You can't say it doesn't sound incredible when he floors it at 00:36. I think that this will sound a LOT better on TV than the 'whining' engines that we have today :) It might not sound quite as amazing in real life, but F1 is a TV sport anyway - I bet that we all watch 95%+ of the races collapsed on the sofa :P
Sounds terrible to me, for a formula car. Wouldn't sound bad in a street car at all, but Formula 1 engines are supposed to "sing" sweetly. :mrgreen:
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Re: What will come after the 2.4 V8?

Post by ringo » Fri Dec 10, 2010 6:42 pm

gridwalker wrote:Would you say that this engine lacked "shock and awe"?

[youtube]http://www.youtube.com/watch?v=nNDrUIWp09g[/youtube]

It is only a 1.5 litre turbo, after all ...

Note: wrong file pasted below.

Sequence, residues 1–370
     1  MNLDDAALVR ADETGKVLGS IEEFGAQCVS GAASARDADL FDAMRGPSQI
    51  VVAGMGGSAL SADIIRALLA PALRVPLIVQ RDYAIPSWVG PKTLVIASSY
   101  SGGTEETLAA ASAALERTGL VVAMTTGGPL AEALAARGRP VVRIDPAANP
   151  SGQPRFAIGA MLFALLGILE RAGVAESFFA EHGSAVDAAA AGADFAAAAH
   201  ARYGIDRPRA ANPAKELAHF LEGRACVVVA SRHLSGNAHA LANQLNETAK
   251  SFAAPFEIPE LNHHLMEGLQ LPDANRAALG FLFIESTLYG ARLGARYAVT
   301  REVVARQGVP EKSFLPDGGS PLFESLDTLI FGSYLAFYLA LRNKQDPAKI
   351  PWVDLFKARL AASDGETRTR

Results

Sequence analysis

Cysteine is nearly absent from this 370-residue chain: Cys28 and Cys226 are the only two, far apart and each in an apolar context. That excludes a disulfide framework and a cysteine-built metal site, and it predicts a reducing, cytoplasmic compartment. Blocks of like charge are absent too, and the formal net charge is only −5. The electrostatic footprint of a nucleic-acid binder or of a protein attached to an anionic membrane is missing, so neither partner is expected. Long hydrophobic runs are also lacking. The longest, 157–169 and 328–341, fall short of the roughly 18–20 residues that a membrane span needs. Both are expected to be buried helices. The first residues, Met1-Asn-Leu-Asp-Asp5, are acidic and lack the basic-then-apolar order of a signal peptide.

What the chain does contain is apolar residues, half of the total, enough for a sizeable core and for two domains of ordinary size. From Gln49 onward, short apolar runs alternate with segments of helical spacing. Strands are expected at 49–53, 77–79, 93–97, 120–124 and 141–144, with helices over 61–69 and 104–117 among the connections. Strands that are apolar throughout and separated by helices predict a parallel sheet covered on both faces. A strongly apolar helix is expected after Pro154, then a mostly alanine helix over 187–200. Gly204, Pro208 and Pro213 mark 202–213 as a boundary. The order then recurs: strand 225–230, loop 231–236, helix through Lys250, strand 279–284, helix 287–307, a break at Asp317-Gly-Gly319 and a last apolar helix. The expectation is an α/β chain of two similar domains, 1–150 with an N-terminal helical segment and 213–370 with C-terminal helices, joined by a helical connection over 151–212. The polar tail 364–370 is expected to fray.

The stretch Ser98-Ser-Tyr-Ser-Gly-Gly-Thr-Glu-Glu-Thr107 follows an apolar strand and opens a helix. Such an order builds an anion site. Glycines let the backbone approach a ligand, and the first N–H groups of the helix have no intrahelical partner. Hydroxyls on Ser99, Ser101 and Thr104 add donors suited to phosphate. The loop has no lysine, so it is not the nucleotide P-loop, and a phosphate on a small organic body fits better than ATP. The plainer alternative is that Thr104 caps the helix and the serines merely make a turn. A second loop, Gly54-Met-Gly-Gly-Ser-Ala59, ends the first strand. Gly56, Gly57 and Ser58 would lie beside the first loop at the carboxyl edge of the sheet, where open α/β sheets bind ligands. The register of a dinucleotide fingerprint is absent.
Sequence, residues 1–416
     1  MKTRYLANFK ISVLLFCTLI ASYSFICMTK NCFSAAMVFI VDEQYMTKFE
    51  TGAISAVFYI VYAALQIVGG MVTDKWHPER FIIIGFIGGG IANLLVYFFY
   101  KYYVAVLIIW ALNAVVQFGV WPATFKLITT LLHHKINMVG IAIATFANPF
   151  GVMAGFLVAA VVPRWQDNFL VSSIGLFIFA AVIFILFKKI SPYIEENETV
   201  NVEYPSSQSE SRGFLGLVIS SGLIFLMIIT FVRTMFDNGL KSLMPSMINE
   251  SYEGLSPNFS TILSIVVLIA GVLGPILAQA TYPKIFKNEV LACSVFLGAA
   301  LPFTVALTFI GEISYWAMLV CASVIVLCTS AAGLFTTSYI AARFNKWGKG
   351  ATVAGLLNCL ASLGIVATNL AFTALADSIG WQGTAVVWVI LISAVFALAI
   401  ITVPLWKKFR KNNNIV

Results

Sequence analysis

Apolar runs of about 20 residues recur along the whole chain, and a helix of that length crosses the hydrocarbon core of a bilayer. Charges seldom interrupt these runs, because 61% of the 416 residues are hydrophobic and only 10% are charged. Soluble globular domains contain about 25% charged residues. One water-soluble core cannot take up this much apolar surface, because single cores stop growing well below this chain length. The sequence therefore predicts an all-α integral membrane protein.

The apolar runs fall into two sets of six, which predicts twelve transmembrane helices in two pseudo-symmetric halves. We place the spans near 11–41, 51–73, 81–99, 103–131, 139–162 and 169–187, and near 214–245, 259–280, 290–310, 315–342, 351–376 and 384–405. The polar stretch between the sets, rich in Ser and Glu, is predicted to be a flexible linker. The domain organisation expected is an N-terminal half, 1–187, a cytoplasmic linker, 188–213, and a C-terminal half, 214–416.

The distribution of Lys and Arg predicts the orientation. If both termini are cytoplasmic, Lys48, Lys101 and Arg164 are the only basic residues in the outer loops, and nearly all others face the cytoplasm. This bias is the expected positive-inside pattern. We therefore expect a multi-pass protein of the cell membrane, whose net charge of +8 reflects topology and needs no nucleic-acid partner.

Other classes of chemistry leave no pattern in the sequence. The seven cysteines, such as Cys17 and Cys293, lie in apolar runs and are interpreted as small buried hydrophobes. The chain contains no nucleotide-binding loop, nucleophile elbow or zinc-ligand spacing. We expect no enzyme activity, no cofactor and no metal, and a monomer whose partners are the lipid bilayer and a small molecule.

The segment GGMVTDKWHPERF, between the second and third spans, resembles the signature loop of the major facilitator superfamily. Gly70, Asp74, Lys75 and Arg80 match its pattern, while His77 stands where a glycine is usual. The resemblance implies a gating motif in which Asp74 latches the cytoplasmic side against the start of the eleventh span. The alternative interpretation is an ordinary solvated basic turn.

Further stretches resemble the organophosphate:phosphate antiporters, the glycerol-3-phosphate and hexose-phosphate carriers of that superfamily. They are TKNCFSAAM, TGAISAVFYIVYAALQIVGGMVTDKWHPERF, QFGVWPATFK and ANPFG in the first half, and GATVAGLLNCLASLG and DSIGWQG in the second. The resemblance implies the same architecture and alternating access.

But at what power? The power is very important. If this is qualifying he may be at 1000hp.
If we may only run with 5/8 of that in 2013, it wont sound as good. And good is relative as you say.
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Re: What will come after the 2.4 V8?

Post by alelanza » Fri Dec 10, 2010 6:54 pm

Strange that the press release doesn't mention forced induction, are we supposed to assume that falls under the 'extensive energy management' item?
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Re: What will come after the 2.4 V8?

Post by autogyro » Fri Dec 10, 2010 7:14 pm

http://electrovelocity.com/2010/12/10/b ... -roadster/

This has got a sound generator to produce vehicle noise.
Why not one in F1 cars to enhance the KERS operating.
Turbo plus 'warp engine?' that would sound awesome.

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Re: What will come after the 2.4 V8?

Post by WhiteBlue » Fri Dec 10, 2010 7:17 pm